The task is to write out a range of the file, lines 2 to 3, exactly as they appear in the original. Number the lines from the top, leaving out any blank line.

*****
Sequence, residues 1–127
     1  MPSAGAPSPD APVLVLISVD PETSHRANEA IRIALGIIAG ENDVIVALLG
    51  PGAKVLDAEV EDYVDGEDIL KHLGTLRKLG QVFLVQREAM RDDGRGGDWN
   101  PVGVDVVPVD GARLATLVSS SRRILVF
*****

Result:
     1  MPSAGAPSPD APVLVLISVD PETSHRANEA IRIALGIIAG ENDVIVALLG
    51  PGAKVLDAEV EDYVDGEDIL KHLGTLRKLG QVFLVQREAM RDDGRGGDWN